Finally, if you are an overachiever like Max, you could put away over $50,000 in your health savings account. This would cover my family deductible for the next 15 years.

How much is your individual/family deductible?

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3 Responses

  1. Medimentary says:

    Max,

    Thanks for the clear review of deductibles and helping readers understand what they mean for individual and family plans. I also had no idea there was a Canadian-specific Home Depot bucket!

    I often have conversations with patients who choose to avoid care or recommended imaging because their deductibles have not been met and they may incur the charges for medical care. I understand this worry. I also meet folks who have met their deductibles and are asking for testing or services they may not need. In our American version of the “insurance tail” wagging the “healthcare delivery dog”, the idea of the right care at the right time often gets overlooked. Healthcare services can be time-sensitive and having met or not met deductibles, unfortunately, influences appropriate care.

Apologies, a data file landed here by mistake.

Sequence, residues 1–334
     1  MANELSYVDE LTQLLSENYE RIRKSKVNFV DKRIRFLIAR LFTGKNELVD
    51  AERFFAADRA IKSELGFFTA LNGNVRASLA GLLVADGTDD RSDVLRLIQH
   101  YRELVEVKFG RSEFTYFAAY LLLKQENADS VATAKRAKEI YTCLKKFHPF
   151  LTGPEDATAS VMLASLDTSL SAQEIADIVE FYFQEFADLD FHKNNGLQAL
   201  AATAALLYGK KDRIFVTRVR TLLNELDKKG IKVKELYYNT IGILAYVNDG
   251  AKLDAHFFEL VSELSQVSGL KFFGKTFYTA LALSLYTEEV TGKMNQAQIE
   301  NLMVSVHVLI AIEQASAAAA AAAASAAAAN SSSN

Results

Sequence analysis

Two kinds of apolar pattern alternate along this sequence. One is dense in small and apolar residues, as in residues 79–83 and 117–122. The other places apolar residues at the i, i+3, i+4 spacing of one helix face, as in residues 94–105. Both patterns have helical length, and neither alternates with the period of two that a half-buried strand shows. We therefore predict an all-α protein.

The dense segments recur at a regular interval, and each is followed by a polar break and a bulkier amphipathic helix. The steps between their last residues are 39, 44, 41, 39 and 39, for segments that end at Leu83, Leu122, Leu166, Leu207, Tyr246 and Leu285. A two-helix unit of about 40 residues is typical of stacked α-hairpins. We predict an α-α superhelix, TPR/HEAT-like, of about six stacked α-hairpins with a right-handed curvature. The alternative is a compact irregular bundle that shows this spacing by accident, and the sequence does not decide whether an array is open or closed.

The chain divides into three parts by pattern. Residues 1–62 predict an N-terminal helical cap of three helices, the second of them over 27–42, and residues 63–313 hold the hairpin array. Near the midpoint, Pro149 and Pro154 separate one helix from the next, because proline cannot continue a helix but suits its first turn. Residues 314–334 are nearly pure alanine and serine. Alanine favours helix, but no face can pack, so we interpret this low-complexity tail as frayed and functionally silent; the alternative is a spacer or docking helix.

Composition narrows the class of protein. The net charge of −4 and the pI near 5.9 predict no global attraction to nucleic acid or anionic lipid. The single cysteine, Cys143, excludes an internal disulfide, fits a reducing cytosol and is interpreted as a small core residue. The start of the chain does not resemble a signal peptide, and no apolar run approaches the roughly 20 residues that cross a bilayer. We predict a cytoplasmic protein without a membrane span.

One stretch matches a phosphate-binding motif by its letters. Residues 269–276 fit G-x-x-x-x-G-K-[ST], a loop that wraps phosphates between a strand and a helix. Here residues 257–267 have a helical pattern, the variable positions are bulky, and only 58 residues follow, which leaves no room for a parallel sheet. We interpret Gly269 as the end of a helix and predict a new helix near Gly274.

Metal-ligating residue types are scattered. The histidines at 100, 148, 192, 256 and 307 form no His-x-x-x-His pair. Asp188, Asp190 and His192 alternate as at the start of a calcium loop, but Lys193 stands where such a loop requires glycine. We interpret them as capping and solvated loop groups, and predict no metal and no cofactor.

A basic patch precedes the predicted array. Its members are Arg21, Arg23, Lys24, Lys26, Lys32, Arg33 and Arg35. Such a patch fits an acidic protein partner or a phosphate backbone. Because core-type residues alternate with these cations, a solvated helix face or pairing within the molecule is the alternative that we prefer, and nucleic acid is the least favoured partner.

It’s nice that your blog addresses concepts and issues that I think everyone as healthcare consumers should know. I will continue to do my part and push for saner healthcare financing systems as focusing on the near-term deductible can have a real impact on long-term health outcomes. Keep up the good work!

  2. David says:

    Great post. To further complicate things, insurance plans often have a separate in-network and out-of-network deductibles, and they are totally separate buckets that are filled by themselves. You may have filled up your in-network deductible but still find yourself paying when you see that out-of-network specialist. Can be pretty confusing, which I suspect is a feature of the system.